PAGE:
It makes sense that the European continent would enthusiastically welcome Bruce Springsteen this summer on his Wrecking Ball Tour. Europe is in its second year of a prolonged recession, and its economic union looks like a failed savings and loan association. As he has in the past, the Boss is making The Grand Tour. Instead of gracing luxury hotel suites, though, he’s filling up the kinds of cost-overrun stadiums in Barcelona, Paris, Düsseldorf, and Cork that are one reason the European Union is starting to look like Youngstown.
I caught the Wrecking Ball in the Geneva soccer stadium, known locally as La Praille, that was built at the cost of millions for the UEFA European championships in 2006. It has since stood largely empty, a symbol that local politicians are better at spending bread than putting on circuses.
According to the stadium’s promoters, La Praille was to have played host to the local soccer team, FC Servette, which was “shackled and drawn” with bad debts just when the stadium was finished. Now the organizers are filling in with the odd rock concert, rugby friendlies, and the peripatetic longtime French rock and roller, movie star, and all around heartthrob Johnny Halliday, whose concert industry is the only thing standing between the EU and collapse.
Not even the Boss and the E Street Band could fill La Praille, although they arrived with a multiplex cinema in tow and started the concert at the distinctly suburban hour of 7:30 p.m., mindful that Switzerland is intolerant of rockers making noise after 10:00 p.m. (the hour in some Zurich apartment buildings when “upright urinating” is shut down).
The Boss’s handlers evidently taught him enough French (clearly not a subject pushed at Freehold Regional High School) so that when he came on stage he could say “bon soir” and “merci beaucoup” to a crowd so carefully dressed and well behaved that it could have been the summer jamboree of an international actuarial association.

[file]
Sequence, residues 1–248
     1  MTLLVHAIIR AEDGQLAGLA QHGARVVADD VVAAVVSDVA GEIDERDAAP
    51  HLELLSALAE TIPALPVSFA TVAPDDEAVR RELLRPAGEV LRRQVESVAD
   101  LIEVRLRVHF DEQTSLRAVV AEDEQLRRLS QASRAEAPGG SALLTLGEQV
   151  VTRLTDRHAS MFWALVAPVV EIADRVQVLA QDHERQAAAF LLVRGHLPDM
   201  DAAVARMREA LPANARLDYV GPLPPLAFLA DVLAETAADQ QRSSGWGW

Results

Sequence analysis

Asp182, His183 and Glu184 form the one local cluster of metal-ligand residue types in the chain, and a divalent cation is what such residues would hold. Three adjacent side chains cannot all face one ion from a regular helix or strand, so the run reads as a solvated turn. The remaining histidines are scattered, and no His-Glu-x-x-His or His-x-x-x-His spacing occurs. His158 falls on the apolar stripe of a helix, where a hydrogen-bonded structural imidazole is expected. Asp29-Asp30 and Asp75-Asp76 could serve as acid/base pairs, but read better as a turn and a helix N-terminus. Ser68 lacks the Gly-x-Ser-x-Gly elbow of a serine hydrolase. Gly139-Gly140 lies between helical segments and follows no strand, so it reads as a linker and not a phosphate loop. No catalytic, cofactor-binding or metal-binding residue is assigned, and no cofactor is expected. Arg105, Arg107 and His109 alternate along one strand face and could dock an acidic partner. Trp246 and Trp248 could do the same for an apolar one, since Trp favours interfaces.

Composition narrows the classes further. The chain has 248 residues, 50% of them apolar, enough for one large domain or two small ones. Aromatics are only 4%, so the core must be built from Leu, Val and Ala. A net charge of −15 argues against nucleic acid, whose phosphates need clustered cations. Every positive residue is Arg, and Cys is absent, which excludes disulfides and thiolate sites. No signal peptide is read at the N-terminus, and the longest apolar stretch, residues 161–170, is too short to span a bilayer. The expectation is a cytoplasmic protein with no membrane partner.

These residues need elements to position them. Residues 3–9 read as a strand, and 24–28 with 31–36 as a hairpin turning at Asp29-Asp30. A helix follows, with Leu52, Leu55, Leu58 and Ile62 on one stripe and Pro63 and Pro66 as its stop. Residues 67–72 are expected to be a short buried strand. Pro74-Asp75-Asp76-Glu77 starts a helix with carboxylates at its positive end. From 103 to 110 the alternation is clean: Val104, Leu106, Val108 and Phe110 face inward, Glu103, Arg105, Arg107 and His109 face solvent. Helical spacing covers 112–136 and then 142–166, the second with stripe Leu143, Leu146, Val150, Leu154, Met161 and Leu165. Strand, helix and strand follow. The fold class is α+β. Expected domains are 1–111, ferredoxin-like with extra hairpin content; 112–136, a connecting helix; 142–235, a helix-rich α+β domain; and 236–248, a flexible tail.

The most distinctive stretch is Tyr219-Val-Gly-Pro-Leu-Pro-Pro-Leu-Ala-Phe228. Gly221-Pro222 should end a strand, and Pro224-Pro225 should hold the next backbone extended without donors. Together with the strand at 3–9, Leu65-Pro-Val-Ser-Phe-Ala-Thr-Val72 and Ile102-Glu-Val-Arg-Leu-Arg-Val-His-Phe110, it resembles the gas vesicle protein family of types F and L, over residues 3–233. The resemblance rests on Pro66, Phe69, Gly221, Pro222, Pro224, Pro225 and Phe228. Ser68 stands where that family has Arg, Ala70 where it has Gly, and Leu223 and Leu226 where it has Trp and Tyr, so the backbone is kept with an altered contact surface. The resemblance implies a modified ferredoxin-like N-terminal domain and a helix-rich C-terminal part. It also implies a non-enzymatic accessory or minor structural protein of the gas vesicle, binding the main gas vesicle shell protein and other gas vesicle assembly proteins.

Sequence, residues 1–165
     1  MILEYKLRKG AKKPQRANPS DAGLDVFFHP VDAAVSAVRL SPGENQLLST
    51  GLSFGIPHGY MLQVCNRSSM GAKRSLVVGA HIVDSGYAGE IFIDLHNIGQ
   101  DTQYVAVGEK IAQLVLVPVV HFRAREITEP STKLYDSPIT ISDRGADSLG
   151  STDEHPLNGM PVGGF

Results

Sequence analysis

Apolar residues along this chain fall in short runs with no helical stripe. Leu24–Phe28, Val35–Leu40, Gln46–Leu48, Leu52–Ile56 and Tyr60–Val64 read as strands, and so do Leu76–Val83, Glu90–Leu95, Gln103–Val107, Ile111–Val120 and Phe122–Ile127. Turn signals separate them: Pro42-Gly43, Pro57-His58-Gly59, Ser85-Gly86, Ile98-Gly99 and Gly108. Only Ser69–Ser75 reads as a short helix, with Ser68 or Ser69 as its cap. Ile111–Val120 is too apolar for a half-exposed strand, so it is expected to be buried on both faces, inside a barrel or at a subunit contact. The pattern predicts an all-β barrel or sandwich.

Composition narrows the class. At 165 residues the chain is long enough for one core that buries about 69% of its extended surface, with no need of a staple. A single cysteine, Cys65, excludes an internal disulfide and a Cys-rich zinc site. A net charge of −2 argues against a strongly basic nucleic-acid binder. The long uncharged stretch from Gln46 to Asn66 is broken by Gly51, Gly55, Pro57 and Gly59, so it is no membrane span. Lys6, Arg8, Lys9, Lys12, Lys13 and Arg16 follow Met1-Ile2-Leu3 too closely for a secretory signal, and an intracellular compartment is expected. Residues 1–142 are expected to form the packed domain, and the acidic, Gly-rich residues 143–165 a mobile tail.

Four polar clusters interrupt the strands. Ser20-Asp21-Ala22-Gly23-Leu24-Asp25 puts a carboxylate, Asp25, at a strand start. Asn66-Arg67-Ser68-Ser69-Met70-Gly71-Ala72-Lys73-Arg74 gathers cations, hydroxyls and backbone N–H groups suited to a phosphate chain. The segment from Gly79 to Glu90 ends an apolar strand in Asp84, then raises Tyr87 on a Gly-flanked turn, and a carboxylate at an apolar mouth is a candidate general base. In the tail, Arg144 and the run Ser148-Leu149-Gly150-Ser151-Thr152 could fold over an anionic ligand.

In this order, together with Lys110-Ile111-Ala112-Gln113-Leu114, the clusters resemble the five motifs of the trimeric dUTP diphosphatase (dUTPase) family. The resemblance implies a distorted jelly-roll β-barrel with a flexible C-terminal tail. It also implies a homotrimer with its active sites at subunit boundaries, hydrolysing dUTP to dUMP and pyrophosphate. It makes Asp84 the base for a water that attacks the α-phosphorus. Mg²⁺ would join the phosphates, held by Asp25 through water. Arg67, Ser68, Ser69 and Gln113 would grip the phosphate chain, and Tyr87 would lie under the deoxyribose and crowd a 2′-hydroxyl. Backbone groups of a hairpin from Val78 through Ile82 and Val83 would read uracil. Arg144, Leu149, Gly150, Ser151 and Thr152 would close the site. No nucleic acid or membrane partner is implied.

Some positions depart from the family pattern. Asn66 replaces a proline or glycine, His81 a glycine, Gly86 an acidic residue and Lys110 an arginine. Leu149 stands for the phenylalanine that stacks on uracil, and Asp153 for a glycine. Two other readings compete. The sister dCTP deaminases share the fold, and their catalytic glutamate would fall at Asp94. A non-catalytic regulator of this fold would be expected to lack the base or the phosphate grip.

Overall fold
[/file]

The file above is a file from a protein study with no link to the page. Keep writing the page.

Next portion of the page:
Those toward the front held aloft carefully lettered signs welcoming the Springsteen to Geneva. These placards were not of the heavy-metal variety, suggesting after-party wastage or death to American droners, but rather mild exhortations to the Boss for song requests, or slow dances in the dark.
The Boss’s stage presence is much more upbeat than his lyrics. I am not sure anyone cared whether or not this town is “a death trap, it’s a suicide rap,” when he was cavorting with the crowd and mussing the hair of small children—Uncle Bruce from the Jersey Shore on his way around Europe.
As you would expect, he was dressed for the concert in the apparel of a hardware store assistant—tight shirt and jeans—although, in a concession to his age (63), he had two large wrist bands and what looked like sensible shoes (I'm guessing maybe Rockports?). During the performance he was in perpetual motion around the stage, with that uptempo air of '80s exercise guru Richard Simmons, and the same hypnotic effect on what in French are called “women of a certain age.”
From where I was standing, the E Street Band was a thin black line on a stage of Nuremberg proportions. Fortunately, the Boss had his own multi-screen video feeds, and all around the stadium there were cameras and roadies, beaming the concert live to the Megatron screens that surrounded the stage.
When I went on my toes to see Bruce or the band live, the E Streeters looked like porcelain miniatures in some Franklin Mint rocker collection (“...collect them all”).